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Case Reports in Pulmonology
Volume 2011 (2011), Article ID 502639, 3 pages
Case Report

Spontaneous Resolution of Massive Spontaneous Tubercular Pneumothorax

Department of Pulmonary Medicine, Chhatrapati Shahu Ji Maharaj (Erstwhile King George) Medical University, Uttarpradesh Lucknow 226003, India

Received 7 November 2011; Accepted 4 December 2011

Academic Editors: J. Bordon, S.-Y. Lee, and H. Milburn

Copyright © 2011 Surya Kant et al. This is an open access article distributed under the Creative Commons Attribution License, which permits unrestricted use, distribution, and reproduction in any medium, provided the original work is properly cited.


A 29-year-old female presented with complaints of fever and productive cough of three weeks duration. Pulmonary tuberculosis was diagnosed bacteriologically and she was prescribed antituberculosis drugs. During follow-up she developed massive pneumothorax, for which patient refused surgical management and was managed conservatively. After six months there was complete spontaneous resolution of pneumothorax. The unusual presentation and unexpected outcome prompted us to report this case.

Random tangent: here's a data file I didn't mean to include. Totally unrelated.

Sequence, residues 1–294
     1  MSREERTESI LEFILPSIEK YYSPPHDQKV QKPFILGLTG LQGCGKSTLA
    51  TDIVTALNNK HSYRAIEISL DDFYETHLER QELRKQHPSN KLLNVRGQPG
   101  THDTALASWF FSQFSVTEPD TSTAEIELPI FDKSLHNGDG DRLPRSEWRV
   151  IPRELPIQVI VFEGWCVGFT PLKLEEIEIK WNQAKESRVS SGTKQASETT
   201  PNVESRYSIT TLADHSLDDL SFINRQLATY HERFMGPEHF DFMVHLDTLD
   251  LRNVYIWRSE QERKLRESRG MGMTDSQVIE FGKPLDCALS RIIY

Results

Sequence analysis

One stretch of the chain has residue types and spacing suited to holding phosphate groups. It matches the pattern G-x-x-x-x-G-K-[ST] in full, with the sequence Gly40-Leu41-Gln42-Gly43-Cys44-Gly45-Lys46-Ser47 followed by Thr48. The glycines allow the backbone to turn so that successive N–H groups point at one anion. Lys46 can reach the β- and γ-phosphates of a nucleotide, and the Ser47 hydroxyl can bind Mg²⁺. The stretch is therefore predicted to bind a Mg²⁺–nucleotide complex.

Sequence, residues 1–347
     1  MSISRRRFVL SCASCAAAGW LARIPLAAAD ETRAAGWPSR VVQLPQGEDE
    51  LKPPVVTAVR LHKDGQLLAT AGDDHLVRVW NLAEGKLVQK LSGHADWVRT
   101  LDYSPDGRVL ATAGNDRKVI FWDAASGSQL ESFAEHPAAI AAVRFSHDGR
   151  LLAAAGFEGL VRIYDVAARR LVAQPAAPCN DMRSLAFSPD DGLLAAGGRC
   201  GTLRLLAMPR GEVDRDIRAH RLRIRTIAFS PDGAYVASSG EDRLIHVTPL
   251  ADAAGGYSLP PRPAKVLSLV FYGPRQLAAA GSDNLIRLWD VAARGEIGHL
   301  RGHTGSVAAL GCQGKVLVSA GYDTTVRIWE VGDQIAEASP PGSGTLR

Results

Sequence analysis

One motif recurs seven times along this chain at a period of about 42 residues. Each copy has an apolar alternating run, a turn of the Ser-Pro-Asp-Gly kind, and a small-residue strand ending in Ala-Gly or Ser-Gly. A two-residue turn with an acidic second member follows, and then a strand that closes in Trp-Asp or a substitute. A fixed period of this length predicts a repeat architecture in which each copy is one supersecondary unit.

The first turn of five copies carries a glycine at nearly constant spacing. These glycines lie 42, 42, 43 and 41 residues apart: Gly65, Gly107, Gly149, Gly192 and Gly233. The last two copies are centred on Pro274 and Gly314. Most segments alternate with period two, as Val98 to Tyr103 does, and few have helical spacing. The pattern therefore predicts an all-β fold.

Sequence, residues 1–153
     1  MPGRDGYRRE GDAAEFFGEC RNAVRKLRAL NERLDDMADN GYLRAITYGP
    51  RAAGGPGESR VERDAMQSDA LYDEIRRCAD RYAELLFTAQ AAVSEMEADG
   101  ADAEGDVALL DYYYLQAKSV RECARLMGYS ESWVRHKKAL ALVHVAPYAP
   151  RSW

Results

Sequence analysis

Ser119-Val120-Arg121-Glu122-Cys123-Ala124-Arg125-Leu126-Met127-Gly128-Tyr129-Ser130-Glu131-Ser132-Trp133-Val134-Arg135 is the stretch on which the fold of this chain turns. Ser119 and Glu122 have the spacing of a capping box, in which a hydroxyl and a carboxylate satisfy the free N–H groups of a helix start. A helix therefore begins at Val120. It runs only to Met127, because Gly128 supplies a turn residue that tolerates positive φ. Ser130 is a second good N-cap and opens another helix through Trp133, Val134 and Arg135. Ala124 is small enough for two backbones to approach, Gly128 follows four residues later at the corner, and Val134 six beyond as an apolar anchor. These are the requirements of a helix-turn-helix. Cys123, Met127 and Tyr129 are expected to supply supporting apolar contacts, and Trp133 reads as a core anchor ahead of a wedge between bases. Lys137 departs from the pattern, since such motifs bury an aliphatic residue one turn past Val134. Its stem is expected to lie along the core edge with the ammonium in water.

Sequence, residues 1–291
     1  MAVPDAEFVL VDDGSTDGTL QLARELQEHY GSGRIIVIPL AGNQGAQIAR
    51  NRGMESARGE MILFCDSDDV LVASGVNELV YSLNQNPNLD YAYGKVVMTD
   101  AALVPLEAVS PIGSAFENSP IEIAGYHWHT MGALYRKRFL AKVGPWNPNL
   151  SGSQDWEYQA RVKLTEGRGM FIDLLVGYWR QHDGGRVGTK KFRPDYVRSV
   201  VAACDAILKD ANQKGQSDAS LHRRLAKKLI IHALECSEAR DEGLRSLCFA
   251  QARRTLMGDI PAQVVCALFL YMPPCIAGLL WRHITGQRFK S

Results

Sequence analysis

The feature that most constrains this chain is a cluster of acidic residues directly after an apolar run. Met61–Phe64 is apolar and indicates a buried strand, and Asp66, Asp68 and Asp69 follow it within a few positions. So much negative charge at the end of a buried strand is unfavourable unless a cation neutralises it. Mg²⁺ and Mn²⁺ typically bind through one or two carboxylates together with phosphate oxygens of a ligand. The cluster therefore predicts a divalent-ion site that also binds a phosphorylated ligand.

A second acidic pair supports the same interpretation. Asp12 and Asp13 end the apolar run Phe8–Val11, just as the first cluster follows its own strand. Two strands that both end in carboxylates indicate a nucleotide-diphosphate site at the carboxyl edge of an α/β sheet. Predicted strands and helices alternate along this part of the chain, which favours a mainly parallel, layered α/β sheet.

1. Introduction

Spontaneous pneumothorax during the course of active pulmonary tuberculosis is a well-known complication with an incidence of 0.6−1.4% [1, 2]. There are published case reports on spontaneous resolution of traumatic pneumothorax with conservative management [3, 4]. Here we present one that may be the first case of spontaneous resolution of massive pneumothorax secondary to tuberculosis.

2. Case Report